While several passengers face disappointment on not getting railway tickets through either the booking window or the internet, ticket touts selling tickets on inflated prices continue to flourish at the Ludhiana railway station.
Their presence can be ascertained by the fact that Railway Protection Force (RPF), Ludhiana, has arrested 10 such illegal agents in the past six months. One such tout was arrested red-handed by RPF inspector Yashwant Singh and his team on Tuesday evening.
The accused was identified as Lalit Kumar, who was found possessing two confirmed tickets from Ludhiana to Katihar and Ludhiana to Samastipur. Kumar was arrested in the past for the same offence and the case was under trial, Singh said.
With touts already laying hands on the available tickets, the common man standing in queue for hours cannot get a confirmed ticket.
“Every time I come to buy a ticket, I get it only in waiting list. But people who approach the ticket agents get confirmed tickets by paying more. What is the purpose of these reservation counters or the internet booking facility if the confirmed tickets are hijacked by the agents,” said Sadanand Gaur, a city resident.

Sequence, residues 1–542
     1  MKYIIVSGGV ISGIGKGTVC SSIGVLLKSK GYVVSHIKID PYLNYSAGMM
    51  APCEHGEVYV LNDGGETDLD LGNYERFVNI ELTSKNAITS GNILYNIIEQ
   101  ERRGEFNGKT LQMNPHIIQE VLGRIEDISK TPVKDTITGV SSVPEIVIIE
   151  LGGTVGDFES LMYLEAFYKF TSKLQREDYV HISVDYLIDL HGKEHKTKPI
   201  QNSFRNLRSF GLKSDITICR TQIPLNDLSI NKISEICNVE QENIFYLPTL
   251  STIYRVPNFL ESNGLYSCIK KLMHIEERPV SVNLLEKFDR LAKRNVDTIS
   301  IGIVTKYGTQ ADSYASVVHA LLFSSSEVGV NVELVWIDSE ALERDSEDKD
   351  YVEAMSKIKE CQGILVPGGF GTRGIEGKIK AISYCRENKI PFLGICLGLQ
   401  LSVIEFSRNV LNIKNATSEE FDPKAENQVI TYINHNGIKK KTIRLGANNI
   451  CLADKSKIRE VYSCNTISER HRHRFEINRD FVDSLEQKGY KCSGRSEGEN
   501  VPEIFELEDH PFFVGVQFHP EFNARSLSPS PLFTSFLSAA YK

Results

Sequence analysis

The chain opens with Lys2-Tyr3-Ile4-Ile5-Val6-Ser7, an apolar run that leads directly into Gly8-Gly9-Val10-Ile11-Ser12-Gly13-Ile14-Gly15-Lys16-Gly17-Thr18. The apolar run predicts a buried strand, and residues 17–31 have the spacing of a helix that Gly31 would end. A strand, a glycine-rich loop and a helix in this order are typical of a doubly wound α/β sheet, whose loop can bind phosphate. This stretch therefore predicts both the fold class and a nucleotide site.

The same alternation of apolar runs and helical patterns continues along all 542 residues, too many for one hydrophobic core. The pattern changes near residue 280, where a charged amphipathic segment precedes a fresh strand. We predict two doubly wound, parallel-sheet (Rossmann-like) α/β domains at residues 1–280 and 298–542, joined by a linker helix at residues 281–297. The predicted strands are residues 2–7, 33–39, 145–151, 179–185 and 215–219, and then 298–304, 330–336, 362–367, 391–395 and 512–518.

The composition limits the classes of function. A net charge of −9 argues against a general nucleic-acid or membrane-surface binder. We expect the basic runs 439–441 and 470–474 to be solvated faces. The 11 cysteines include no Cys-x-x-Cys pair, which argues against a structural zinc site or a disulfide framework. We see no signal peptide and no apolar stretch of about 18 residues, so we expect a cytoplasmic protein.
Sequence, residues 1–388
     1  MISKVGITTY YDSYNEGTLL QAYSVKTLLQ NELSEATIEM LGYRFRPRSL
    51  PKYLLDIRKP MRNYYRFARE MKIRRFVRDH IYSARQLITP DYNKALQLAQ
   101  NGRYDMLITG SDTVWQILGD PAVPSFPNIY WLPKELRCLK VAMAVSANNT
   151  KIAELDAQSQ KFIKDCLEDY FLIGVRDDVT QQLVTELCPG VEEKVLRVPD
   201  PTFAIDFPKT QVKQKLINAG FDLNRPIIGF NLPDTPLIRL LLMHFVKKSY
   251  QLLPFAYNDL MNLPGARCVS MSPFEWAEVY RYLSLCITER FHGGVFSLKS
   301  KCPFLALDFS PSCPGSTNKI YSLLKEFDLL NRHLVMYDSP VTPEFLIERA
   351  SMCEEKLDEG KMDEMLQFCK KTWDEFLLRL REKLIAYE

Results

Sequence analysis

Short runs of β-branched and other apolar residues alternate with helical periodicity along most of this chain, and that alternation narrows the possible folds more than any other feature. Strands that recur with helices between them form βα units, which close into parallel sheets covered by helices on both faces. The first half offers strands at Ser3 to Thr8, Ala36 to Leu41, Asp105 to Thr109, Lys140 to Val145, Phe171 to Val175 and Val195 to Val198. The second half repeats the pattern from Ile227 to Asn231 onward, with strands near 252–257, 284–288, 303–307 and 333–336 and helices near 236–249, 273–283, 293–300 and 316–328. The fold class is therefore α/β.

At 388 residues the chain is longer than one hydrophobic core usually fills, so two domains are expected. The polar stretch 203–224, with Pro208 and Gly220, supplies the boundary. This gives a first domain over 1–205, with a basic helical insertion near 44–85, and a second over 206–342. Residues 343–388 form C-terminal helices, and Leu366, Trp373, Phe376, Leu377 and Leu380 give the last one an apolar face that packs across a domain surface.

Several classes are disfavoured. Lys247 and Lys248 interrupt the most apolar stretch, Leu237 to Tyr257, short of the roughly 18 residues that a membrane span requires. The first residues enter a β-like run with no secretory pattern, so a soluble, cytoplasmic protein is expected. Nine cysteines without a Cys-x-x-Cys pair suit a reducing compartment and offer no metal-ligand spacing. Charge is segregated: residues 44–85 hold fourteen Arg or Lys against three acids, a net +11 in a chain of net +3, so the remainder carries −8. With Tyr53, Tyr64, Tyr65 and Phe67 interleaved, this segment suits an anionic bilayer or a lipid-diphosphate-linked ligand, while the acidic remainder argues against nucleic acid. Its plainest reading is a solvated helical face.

RPF inspector Yashwant Singh said, “The nexus is big undoubtedly, but we are trying to rein it in. We have arrested 10 agents till now in this year. It's not easy to reach them, and thus we take help of informers as well as try to trap them with the help of decoy customers.”
“Ludhiana has a huge chunk of migrant population hailing from Uttar Pradesh and Bihar, and these touts find it easy to make money from these people. But passengers should understand that they are paying more for no reason. If people stop doing business with these persons, they can't remain active for long,” Singh said, while appealing to the public to inform police about the touts.
Three minors arrested for roaming on railway tracks
The Railway Protection Force (RPF) arrested three minor boys after they were found roaming on the tracks of the main platform at the city railway station on Wednesday.
RPF inspector Yashwant Singh said the three rag-pickers were roaming on the tracks to pick up plastic bottles, when an RPF team saw the Shan-E-Punjab train approaching the platform. The team rushed to the track and rescued the boys.
Stating that the boys had been sent to the orphanage, Singh said crossing railway tracks without any designated crossing was a crime, which could invite both fine and imprisonment.